On Running for the Consulship Quintus Tullius Cicero

ISBN: 9781517146832

Published: August 31st 2015

Paperback

36 pages


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On Running for the Consulship  by  Quintus Tullius Cicero

On Running for the Consulship by Quintus Tullius Cicero
August 31st 2015 | Paperback | PDF, EPUB, FB2, DjVu, AUDIO, mp3, RTF | 36 pages | ISBN: 9781517146832 | 9.21 Mb

Quintus Tullius Cicero (102 BC - 43 BC) was the younger brother of the celebrated orator, philosopher and statesman Marcus Tullius Cicero. He was born into a family of the equestrian order, as the son of a wealthy landowner in Arpinum, some 100MoreQuintus Tullius Cicero (102 BC - 43 BC) was the younger brother of the celebrated orator, philosopher and statesman Marcus Tullius Cicero. He was born into a family of the equestrian order, as the son of a wealthy landowner in Arpinum, some 100 kilometres south-east of Rome.

Ciceros well-to-do father arranged for him to be educated with his brother in Rome, Athens and probably Rhodes in 79-77 BC. He married about 70 BC Pomponia (sister of his brothers friend Atticus), a dominant woman of strong personality. He divorced her after a long disharmonious marriage with much bickering between the spouses in late 45 BC. His brother, Marcus, tried several times to reconcile the spouses, but to no avail. The couple had a son born in 66 BC named Quintus Tullius Cicero after his father.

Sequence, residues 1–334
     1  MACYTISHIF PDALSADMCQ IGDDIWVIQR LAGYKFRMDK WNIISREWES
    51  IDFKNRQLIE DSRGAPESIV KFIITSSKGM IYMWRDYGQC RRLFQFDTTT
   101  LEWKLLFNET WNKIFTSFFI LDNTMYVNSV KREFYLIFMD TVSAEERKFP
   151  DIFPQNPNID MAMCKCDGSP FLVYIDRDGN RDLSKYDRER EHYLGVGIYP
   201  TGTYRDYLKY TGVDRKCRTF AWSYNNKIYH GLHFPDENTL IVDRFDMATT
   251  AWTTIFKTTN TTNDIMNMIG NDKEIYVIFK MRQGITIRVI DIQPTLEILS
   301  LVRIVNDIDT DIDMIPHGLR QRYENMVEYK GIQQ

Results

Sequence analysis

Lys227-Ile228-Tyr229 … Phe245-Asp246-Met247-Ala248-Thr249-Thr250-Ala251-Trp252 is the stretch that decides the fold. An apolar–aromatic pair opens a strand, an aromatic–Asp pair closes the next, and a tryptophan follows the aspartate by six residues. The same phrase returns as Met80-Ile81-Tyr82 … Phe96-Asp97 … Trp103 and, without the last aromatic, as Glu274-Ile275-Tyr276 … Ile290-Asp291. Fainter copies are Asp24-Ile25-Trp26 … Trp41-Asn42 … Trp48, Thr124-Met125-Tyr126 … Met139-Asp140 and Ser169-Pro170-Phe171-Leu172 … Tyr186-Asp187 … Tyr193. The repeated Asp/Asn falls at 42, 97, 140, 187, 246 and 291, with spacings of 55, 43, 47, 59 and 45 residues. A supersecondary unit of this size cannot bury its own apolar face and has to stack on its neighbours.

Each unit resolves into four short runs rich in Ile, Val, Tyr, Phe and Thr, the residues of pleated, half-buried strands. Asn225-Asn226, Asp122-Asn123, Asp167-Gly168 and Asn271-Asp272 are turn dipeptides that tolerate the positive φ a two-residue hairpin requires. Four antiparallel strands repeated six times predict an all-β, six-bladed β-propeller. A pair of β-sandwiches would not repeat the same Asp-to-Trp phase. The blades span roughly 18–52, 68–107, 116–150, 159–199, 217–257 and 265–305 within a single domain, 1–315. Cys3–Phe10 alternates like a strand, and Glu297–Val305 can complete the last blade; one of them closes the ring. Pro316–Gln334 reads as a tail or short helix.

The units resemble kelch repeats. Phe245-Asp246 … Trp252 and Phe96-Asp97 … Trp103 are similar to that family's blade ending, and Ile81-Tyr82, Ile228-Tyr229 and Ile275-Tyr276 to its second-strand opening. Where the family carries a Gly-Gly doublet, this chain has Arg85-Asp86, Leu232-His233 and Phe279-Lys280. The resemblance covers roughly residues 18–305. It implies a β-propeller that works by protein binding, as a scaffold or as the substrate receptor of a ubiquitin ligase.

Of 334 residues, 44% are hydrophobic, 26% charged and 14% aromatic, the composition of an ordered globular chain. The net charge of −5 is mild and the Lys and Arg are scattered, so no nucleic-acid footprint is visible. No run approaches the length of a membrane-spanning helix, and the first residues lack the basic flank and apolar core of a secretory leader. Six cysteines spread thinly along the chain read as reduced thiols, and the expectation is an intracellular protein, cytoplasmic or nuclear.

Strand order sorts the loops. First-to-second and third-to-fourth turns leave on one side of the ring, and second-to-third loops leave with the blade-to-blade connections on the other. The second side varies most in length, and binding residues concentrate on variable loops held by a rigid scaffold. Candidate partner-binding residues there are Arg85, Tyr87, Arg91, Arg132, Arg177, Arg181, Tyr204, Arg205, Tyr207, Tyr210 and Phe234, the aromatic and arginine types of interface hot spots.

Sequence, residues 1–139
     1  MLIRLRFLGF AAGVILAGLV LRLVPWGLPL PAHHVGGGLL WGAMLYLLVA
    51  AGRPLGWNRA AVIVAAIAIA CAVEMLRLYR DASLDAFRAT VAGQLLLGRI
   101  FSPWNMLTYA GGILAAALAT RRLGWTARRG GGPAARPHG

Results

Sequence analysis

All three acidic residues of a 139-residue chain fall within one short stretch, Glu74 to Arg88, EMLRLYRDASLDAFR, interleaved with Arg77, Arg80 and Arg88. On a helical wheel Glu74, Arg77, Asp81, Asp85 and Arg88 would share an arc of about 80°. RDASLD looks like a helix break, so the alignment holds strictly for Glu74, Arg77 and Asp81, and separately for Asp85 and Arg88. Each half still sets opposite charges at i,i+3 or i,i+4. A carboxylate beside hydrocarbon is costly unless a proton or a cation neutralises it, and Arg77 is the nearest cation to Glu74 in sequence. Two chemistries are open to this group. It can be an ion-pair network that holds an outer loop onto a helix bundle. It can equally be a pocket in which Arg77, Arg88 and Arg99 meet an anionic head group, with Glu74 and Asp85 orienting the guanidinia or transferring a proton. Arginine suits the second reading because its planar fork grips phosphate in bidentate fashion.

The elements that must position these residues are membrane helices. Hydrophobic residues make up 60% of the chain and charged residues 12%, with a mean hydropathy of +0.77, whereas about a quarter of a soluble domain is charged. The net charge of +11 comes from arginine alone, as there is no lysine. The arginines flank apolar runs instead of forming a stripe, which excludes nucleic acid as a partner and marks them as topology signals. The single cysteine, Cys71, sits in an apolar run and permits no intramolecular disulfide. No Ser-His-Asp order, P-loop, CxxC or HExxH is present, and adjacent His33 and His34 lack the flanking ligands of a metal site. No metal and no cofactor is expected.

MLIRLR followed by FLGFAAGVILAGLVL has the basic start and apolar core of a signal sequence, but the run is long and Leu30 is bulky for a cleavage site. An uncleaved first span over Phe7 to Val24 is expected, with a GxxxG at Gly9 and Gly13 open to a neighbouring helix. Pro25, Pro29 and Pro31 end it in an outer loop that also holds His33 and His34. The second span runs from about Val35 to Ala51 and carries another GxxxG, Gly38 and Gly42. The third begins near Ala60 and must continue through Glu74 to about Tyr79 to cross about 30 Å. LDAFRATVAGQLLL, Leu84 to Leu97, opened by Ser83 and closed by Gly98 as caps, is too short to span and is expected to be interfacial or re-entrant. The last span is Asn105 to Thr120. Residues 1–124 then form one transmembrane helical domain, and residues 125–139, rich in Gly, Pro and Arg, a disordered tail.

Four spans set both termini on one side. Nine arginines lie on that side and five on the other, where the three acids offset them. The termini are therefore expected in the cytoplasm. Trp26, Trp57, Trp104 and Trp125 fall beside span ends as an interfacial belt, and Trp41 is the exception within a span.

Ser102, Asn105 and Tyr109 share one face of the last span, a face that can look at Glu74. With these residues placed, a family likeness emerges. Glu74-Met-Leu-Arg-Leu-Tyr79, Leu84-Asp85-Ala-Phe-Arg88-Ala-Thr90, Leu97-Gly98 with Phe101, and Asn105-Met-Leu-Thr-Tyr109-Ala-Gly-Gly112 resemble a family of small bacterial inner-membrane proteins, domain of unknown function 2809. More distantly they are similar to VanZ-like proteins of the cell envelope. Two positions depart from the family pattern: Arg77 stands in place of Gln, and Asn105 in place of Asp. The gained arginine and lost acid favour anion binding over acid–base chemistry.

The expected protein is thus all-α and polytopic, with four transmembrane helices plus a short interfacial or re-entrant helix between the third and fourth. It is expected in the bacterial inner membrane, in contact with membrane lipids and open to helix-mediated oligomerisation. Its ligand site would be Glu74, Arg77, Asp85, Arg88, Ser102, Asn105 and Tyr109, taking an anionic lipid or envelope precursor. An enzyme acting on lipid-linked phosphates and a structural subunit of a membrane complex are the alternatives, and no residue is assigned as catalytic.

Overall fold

Quintus was Aedile in 66 BC, Praetor in 62 BC, and Propraetor of the Province of Asia for three years 61-59 BC. Under Caesar during the Gallic Wars, he was Legatus (accompanying Caesar on his second expedition to Britain in 54 BC and surviving a Nervian siege of his camp during Ambiorixs revolt), and under his brother in Cilicia in 51 BC. During the civil wars he supported the Pompeian faction, obtaining the pardon of Caesar later. During the Second Triumvirate when the Roman Republic was again in civil war, Quintus, his son, and his famous brother, were all proscribed.

He fled from Tusculum with his brother. Later Quintus went home to bring back money for travelling expenses. His son, Quintus minor, hid his father, and did not reveal the hiding place although he was tortured. When Quintus heard this, he gave himself up to try and save his son- however, both father and son, and his famous brother, were all killed in 43 BC, as proscribed persons.



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